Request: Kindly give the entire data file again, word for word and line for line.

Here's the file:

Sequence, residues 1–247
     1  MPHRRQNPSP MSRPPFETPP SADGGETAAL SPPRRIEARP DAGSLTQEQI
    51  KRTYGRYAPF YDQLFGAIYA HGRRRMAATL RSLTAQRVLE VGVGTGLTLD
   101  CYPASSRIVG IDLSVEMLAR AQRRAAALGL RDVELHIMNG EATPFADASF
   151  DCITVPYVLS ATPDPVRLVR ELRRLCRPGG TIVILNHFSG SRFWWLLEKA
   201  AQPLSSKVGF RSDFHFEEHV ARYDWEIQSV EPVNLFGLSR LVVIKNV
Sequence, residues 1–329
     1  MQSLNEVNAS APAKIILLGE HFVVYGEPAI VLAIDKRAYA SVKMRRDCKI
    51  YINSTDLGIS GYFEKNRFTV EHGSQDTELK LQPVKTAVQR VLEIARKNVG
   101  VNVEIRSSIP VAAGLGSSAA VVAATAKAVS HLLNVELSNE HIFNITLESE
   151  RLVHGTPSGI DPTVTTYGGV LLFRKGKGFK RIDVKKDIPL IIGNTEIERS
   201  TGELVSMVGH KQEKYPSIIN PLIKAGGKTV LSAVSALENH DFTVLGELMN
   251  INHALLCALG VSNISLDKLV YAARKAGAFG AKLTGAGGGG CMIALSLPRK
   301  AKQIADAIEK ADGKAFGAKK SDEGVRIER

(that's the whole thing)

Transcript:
Sequence, residues 1–247
     1  MPHRRQNPSP MSRPPFETPP SADGGETAAL SPPRRIEARP DAGSLTQEQI
    51  KRTYGRYAPF YDQLFGAIYA HGRRRMAATL RSLTAQRVLE VGVGTGLTLD
   101  CYPASSRIVG IDLSVEMLAR AQRRAAALGL RDVELHIMNG EATPFADASF
   151  DCITVPYVLS ATPDPVRLVR ELRRLCRPGG TIVILNHFSG SRFWWLLEKA
   201  AQPLSSKVGF RSDFHFEEHV ARYDWEIQSV EPVNLFGLSR LVVIKNV
Sequence, residues 1–329
     1  MQSLNEVNAS APAKIILLGE HFVVYGEPAI VLAIDKRAYA SVKMRRDCKI
    51  YINSTDLGIS GYFEKNRFTV EHGSQDTELK LQPVKTAVQR VLEIARKNVG
   101  VNVEIRSSIP VAAGLGSSAA VVAATAKAVS HLLNVELSNE HIFNITLESE
   151  RLVHGTPSGI DPTVTTYGGV LLFRKGKGFK RIDVKKDIPL IIGNTEIERS
   201  TGELVSMVGH KQEKYPSIIN PLIKAGGKTV LSAVSALENH DFTVLGELMN
   251  INHALLCALG VSNISLDKLV YAARKAGAFG AKLTGAGGGG CMIALSLPRK
   301  AKQIADAIEK ADGKAFGAKK SDEGVRIER